Feb 3, 2016, by Jennifer Colegrove Ph.D.
Recently, several of my industry contacts and new graduate students had asked me for advice and to help with their job searching. Here I post part of a book I’m writing. (The book is planned to be finished by end of 2016.). Hope my experience can help you.
How to find your dream job
My career started since 1999 in California’s Silicon Valley, while I was an Intern at dpiX, a Xerox spin off in 1999. In 2000 I received my Ph.D. degree.
In the following six years, I worked as senior material engineer in Digilens, research and development engineer in Silicon Bandwidth, project manager at Crystal Research, and senior display engineer in Intel. I was doing OK at my jobs as a senior engineer, but I wasn’t excellent. I wasn’t promoted in those engineer jobs. It’s the opposite; I was laid off couple of times.
In 2006, I left Intel after worked there for over two years. I kept sending out resumes to look for a new engineer job.
Until one day, a friend told me about a book called “What color is your parachute”. (The book’s author is Richard N. Bolles). I went to a library and borrow the book and several other career books. In the following 3 days, I read the books and followed the book to analyze myself. After 3 days of self-analysis, I found out my top three strengths:
- My No.1 strength is that I’m good at analyzing complicated information and find out the trends.
- My No. 2 strength is that I’m good at finding information, I can read science journal, search the web, or talk to people and find the information.
- My No. 3 strength is that I like to give presentations; I like to show-off what I know. I’ve presented at many industry conferences and helped with hosting some conferences before.
As soon as I wrote down my top 3 strengths, it’s like a light bulb turned on. I immediately said, “I want to be a market research analyst!”.
I went to a market research company’s website, there was no job opening on the website. I found a general email address and send in my resume anyway.
The next day, the market research company’s human resources lady called me and said their Vice President wanted to interview me. One week later I went in their office in Santa Clara for a face-to-face interview.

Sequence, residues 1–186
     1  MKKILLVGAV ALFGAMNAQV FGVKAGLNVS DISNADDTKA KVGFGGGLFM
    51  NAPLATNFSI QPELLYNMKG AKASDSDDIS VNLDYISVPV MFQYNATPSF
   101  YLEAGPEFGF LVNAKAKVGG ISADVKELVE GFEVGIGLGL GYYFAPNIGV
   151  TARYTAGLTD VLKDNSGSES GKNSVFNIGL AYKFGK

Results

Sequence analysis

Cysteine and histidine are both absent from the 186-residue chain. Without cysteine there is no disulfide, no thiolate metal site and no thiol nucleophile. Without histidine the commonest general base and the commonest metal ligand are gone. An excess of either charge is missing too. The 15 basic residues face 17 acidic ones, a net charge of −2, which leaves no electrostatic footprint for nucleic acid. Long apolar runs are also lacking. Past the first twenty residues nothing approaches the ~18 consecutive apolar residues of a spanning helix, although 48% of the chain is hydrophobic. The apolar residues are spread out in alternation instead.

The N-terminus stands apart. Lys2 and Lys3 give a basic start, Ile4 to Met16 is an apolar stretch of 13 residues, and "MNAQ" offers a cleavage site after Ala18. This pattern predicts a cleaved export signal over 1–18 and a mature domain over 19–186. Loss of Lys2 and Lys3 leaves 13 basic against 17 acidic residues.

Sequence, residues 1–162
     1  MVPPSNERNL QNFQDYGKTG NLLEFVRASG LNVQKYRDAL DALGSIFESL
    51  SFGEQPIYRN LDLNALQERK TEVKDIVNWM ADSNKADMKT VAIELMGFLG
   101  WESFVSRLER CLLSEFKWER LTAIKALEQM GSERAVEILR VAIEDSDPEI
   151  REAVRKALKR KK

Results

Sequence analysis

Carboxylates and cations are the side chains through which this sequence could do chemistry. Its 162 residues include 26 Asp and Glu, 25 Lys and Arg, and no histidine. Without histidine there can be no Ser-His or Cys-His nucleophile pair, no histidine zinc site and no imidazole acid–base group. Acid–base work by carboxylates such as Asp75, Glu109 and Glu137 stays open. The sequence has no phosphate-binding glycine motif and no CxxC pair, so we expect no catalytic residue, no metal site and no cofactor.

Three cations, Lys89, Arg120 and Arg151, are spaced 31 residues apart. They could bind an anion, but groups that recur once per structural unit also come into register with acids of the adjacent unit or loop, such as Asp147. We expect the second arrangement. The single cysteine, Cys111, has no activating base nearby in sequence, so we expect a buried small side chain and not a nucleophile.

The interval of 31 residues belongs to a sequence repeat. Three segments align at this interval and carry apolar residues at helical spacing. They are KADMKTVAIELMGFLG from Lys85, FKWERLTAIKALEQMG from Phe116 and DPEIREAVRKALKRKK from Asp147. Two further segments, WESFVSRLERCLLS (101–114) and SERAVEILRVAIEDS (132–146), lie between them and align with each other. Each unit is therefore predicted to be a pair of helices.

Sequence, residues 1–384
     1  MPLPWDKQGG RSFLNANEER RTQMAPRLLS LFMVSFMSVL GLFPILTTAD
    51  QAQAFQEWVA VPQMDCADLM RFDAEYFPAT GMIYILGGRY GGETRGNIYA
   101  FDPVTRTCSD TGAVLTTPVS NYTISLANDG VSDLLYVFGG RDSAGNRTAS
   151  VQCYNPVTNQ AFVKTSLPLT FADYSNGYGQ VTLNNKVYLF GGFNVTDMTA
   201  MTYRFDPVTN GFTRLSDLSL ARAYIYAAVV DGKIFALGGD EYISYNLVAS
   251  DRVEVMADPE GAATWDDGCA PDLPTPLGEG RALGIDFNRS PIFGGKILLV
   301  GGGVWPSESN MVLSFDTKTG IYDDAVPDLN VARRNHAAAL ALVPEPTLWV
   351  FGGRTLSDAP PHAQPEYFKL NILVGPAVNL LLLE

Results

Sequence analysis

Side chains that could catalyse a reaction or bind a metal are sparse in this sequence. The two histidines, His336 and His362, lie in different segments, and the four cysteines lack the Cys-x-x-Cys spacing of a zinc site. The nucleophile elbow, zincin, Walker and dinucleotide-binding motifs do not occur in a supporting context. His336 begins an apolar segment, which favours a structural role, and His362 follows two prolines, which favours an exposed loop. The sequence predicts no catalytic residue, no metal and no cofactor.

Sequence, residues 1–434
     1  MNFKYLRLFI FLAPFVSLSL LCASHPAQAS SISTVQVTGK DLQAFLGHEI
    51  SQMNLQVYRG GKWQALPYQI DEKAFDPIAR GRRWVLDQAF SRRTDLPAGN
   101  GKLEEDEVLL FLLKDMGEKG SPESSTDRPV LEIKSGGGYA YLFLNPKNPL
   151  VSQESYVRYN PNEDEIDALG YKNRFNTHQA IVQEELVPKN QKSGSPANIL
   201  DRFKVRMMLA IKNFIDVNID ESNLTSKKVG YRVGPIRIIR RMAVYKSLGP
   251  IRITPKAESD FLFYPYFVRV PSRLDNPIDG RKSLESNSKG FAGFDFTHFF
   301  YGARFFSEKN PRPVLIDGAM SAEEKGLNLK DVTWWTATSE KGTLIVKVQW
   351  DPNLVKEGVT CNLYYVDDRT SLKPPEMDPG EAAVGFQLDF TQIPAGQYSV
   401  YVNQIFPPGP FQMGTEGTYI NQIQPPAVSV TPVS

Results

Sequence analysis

Three days after the interview, I got the job offer. Five days later, I started working as a senior analyst.
The analyst job suited me very well. I led my division for a quick turn-around by introducing new products—the Touch Screen report. I was probably the first analyst to write a comprehensive Touch Screen report since 2006.
By 2008, my division’s revenue is record high.
We are all wired differently, each of us is unique. Even twins have different characters. You need to analyze yourself and find out your top three strengths, find out your passion. A study showed that 70% of Americans are living in the wrong job. “Each one should live his life with the gifts that the Lord has given him.” The Bible said.
When the job is your dream job, you are good at it, you work 50 hours per week willingly; your clients love your work; you’ll bring in large revenue for your company. If your company doesn’t give you a promotion after all you’ve contributed to them, then they’ll lose you and then they’ll regret that they didn’t give you a promotion.
When I recruit team member, I want my team member to have passion on the industry that they’ll be covering. I want them to enjoy their work.
However, be aware that to find your dream job is not easy or simple. In the early years of your career, you may not know what your strengths are, it may take several years to figure it out.
Sometimes, your strength may not pay well, you can’t make a living with it. You’ll have to take a not-so-satisfied job for several years and learn more skills and wait for the opportunity to mature.
Thanks for reading.
Jennifer Colegrove Ph.D.